Comet ISON (C/2012 S1) was discovered in September 2012 by Vitali Nevski and Artyom Novichonok of the International Scientific Optical Network observatory near Kislovodsk in the North Caucasus region of Russia. It is currently on a parabolic trajectory that will bring it to perihelion (the closest point of its trajectory to the Sun) within 2.7 Solar Radii of the Sun on 28 November 2013, before departing the inner Solar System again. It is not thought that this trajectory is, strictly speaking an orbit; it appears to have been disrupted from an orbit in the outermost part of the Oort Cloud, around seven million times as far from the Sun as the Earth, by an encounter with some object, and to be entering the inner Solar System for the first time, and it is by no means clear that it will survive its close encounter with the Sun, or that, if it does, it will remain in orbit about the Sun rather than being thrown completely out of the Solar System. Weather-or-not ISON (C/2012 S1) will survive perihelion is of great interest to astronomers, since objects from the outer Oort Cloud are seldom available for close observation, and if it does survive then its outward path should be easily observable from a number of Earth and space-based telescopes.
In a paper published on the arXiv online database at Cornell University Library on 9 September 2013 and submitted to the Astrophysical Journal Letters, Matthew Knight of the Lowell Observatory in Flagstaff, Arizona and the Applied Physics Laboratory at Johns Hopkins University and Kevin Walsh of the Southwest Research Institute attempt to calculate the likely fate of ISON (C/2012 S1) building a model based upon observations of the Kreutz Family of sungrazing comets.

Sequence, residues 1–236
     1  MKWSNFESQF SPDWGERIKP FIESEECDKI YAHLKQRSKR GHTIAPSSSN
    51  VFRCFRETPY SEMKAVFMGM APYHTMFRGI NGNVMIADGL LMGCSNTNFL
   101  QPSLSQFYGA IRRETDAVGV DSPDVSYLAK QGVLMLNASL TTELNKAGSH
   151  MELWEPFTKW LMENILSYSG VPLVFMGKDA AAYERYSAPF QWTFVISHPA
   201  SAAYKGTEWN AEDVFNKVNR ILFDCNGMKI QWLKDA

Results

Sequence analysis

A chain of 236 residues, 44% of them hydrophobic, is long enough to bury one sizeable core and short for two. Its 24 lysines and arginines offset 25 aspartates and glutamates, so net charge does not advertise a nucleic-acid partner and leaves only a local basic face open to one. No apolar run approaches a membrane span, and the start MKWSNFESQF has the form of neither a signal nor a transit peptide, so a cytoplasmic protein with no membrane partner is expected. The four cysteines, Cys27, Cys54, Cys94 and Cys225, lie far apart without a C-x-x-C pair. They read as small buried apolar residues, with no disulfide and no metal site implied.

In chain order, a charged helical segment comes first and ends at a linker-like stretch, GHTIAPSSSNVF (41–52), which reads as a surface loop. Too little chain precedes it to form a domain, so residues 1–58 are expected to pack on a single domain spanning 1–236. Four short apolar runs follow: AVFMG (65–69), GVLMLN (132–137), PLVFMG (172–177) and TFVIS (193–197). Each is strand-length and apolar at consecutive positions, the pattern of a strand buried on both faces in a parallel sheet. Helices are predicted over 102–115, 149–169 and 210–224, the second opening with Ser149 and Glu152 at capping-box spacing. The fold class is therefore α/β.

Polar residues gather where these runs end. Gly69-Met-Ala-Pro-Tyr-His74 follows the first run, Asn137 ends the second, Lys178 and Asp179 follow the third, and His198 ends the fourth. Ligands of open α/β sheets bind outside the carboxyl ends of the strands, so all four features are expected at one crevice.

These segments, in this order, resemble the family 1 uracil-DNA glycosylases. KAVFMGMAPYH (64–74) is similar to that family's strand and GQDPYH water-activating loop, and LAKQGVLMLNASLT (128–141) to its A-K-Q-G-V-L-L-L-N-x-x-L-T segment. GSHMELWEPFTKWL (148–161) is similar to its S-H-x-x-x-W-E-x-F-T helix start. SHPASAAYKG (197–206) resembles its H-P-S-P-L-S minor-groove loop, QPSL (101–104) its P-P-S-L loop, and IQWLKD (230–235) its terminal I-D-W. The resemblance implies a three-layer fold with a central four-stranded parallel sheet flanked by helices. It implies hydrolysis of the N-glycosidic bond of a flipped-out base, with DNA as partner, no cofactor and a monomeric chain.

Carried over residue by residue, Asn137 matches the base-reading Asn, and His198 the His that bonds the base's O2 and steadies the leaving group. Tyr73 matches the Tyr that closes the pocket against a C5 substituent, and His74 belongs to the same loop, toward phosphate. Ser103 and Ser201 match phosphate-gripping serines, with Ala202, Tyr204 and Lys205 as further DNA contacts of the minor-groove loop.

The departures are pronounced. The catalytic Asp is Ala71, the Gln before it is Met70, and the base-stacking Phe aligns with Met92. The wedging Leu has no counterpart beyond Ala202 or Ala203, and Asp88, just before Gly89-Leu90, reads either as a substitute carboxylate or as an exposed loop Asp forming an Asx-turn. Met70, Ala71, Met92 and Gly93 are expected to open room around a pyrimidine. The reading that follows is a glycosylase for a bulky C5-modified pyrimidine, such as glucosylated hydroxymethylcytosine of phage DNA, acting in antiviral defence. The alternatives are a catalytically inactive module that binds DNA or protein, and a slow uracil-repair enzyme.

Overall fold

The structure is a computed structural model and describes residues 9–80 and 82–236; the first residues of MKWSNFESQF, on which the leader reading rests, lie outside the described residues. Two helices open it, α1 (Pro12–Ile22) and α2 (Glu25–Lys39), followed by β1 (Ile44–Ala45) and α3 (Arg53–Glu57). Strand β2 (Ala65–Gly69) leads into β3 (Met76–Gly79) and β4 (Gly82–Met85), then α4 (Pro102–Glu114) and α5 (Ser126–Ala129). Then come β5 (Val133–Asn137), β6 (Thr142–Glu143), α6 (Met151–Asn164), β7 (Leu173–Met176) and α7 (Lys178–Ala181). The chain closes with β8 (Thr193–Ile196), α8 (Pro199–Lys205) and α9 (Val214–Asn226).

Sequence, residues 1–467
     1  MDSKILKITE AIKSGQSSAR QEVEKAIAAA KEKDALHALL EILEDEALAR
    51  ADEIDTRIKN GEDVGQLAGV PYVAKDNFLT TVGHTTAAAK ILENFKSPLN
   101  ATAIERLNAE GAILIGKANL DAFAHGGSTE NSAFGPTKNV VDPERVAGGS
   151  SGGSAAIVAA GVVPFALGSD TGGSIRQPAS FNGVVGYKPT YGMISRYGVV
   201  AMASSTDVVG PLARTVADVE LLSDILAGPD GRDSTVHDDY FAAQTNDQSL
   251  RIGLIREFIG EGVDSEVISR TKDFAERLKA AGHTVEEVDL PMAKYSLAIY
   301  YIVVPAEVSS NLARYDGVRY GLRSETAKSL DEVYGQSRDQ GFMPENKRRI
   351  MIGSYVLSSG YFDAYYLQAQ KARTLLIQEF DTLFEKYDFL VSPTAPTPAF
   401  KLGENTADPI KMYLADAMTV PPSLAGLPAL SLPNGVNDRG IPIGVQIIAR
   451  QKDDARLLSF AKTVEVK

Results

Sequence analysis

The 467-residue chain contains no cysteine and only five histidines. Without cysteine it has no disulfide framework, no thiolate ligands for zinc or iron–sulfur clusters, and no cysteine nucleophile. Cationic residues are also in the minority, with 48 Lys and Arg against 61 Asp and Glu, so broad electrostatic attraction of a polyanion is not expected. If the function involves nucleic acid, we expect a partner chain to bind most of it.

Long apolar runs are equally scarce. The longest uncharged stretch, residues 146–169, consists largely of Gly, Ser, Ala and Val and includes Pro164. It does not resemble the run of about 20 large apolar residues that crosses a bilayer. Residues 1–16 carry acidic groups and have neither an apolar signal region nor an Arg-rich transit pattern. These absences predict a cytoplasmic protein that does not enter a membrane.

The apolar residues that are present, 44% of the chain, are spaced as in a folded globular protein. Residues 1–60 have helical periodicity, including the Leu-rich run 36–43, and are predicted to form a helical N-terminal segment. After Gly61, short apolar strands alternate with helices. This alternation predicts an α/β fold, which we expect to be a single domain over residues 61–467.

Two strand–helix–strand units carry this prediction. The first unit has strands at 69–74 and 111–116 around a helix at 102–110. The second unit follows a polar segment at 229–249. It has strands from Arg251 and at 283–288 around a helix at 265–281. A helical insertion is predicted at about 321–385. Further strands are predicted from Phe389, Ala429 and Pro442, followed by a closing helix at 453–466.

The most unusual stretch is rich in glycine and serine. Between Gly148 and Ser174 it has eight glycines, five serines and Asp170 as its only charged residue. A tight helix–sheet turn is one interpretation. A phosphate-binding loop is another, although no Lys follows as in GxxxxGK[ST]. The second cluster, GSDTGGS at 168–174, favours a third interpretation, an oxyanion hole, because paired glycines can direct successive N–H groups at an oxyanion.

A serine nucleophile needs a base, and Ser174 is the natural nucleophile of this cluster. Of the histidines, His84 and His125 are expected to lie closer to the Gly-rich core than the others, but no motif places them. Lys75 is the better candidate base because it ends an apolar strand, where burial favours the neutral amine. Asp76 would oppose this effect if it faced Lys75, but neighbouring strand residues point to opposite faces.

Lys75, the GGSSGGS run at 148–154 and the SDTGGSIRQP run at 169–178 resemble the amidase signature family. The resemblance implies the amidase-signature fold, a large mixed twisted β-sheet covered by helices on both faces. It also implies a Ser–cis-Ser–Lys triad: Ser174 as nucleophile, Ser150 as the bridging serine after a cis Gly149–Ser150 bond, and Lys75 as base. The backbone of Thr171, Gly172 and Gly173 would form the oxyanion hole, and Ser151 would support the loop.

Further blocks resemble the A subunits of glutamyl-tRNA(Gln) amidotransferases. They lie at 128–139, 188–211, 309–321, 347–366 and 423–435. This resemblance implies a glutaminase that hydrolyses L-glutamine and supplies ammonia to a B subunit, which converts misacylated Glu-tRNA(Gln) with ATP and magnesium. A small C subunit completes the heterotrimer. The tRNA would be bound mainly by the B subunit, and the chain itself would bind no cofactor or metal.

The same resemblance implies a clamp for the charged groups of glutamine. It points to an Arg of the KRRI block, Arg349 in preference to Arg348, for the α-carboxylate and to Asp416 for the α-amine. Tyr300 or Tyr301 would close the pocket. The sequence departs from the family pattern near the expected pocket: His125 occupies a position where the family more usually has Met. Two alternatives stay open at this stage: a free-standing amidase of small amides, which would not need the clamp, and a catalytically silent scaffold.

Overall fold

The Kreutz Family of comets are thought to have a common origin, all following similar pathways, with orbital periods of 500-1000 years, thought to have diverged when a parent body broke up at some point in the remote past. All members of the family are thought to have made several passes through the inner Solar System, and as such they are likely to have rather different physical and chemical properties to ISON (C/2012 S1). Their paths also take them somewhat closer to the Sun than ISON (C/2012 S1). However they are the best available model for the possible fate of ISON (C/2012 S1).
Kreutz Family comets smaller than 200 m in diameter typically sublimate away (turn directly from a solid to a gas - liquids do not form in a vacuum) on their passage past the Sun. Comets larger than 200 m in diameter but less than 1 km do not simply sublimate away, but may break up into a number of smaller pieces as they pass the Sun, and these pieces commonly do sublimate away. Comets larger than 1 km usually survive perihelion, and even if they do break up, typically do so into pieces large enough to survive as viable comets in themselves.
Comet ISON (C/2012 S1) is though to be between 400 m and 2 km in diameter. This suggests that it will not simply sublimate away as it passes the Sun, but that there is a distinct chance that it may break up at perihelion. Knight and Walsh calculate that the comet will probably break up if its rotation is prograde (in the same direction as the body which it is orbiting, in this case the Sun) and its orbital period less than 9 hours, but that if it is rotation is retrograde (in the opposite direction to the Sun) or its rotation is prograde with an period of more than 9 hours then the comet will probably survive. They further estimate that there is a 30% chance that ISON (C/2012 S1) has a prograde rotation with a period of less than 9 hours.